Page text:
Paul Johnson, former head of the Natural Resource Conservation Service under President Bill Clinton discussing Lyle Luzum’s farm.

Former presidential appointee and Iowa legislator Paul Johnson explained at SILT’s annual Land Protector Recognition Dinner Nov. 16, that there are three things that make up our soil – clay, silt and sand. Clay and sand are both extremely difficult to grow anything in, he said, but “SILT binds it all together.”

That’s what SILT did that night, bringing together rural and urban, local food lovers, farmers and environmentalists for a celebratory night honoring Lyle Luzum and his family from Calmar and John Wittrig and his family of Winfield.

The Luzum Family from right Lyle, Sue and daughter Steph Hughes

The Luzum family donated its 170-acre heritage farm to SILT earlier this year, allowing the organization to rent it affordably to a new farmer who can gain equity in the house and barns but never put the land back on the market. The gift also ensures the financial stability of SILT into the future.





John Wittrig tells the story of his land.

The Wittrig family donated the first SILT easement in Iowa history, protecting his 130 acres near Crawfordsville in Southeast Iowa with a landowner protection agreement that will be recorded with the deed for future owners of the property. John’s actions reduced the value, and therefore the cost to a new farmer, of the land by nearly half yet retain ownership of the property in the family.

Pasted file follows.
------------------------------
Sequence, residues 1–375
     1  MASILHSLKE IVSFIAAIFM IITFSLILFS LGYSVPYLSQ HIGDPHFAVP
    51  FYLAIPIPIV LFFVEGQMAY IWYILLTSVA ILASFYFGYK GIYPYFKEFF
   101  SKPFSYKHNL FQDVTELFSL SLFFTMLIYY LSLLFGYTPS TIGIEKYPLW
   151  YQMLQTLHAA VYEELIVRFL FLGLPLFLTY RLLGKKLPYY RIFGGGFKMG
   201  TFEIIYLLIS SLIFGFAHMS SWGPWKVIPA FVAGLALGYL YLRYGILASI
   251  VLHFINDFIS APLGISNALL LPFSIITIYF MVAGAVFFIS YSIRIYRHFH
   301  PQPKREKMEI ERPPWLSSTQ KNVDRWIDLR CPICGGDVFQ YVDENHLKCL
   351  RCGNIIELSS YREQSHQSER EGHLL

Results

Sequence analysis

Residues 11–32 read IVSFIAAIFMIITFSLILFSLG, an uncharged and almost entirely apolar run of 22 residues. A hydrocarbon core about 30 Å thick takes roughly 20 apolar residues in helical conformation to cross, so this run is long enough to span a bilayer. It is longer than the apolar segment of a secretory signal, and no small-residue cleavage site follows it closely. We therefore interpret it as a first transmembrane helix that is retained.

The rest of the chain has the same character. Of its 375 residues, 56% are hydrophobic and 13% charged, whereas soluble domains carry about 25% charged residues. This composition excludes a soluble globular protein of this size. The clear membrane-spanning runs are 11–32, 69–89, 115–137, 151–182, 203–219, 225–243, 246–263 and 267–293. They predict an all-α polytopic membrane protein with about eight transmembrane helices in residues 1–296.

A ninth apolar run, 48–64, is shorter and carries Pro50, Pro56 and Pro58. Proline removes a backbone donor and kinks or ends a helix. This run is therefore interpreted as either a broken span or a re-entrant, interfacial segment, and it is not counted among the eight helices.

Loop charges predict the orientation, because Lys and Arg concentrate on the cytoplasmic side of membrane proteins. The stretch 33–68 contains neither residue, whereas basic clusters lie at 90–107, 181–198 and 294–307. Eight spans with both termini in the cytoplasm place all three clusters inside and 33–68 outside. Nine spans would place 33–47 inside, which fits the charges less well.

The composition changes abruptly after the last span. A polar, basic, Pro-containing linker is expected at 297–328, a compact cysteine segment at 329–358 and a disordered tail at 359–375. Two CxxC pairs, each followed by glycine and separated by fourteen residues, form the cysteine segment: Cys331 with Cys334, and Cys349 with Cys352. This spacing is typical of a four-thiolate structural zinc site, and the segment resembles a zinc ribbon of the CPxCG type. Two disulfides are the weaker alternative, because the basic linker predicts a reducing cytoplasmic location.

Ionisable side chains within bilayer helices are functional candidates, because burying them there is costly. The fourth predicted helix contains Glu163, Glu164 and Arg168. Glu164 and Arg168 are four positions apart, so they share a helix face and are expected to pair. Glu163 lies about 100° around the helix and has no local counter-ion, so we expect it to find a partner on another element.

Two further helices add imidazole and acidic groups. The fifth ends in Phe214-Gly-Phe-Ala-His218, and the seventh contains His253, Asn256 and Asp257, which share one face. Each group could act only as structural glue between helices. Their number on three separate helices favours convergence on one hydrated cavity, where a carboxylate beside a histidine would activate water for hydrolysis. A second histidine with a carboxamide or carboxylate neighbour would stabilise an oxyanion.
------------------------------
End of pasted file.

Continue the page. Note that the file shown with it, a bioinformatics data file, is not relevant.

Both families plan to take advantage of the extensive tax benefits available for such significant donations of land and easements. Only qualified conservation organizations can hold conservation easements.

More than 100 people attended the event at Embassy Suites in downtown Des Moines.

More than 110 people attended the reception, dinner, award ceremony and silent auction, the biggest fundraiser of the year for SILT. The night capped a day-long planning session by SILT’s board of directors and invited guests from around Iowa where SILT determined its goals for 2018.



The two donations total more than $1.5 million in land assets for SILT and bring the land trust into its own in the land protection community. SILT is one of only two land trusts of its kind in the country, the other being PCC Land Trust in Seattle. Both require sustainable farming practices on land they protect in perpetuity.

Special thanks to Niman Ranch for its donation of the pork, and to FarmTable Delivery for providing fresh healthy food grown by Iowa farmers!